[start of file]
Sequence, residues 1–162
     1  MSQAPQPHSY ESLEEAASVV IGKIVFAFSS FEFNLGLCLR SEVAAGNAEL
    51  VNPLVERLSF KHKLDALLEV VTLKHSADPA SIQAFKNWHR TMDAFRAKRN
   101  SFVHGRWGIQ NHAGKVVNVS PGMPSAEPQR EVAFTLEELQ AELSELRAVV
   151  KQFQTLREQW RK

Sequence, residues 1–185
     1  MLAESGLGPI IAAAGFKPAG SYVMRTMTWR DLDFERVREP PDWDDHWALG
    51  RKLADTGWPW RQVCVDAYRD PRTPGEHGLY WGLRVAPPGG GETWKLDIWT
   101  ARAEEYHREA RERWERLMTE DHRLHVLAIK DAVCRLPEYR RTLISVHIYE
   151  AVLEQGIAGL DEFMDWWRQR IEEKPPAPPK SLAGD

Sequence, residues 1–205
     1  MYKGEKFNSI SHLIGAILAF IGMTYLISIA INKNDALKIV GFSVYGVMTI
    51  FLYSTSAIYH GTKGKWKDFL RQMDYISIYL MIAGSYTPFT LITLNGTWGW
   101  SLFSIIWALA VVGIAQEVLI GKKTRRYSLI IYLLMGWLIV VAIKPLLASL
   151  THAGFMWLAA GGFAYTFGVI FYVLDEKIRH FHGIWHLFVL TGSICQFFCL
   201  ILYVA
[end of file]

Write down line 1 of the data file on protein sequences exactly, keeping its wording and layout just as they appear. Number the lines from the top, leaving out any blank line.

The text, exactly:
Sequence, residues 1–162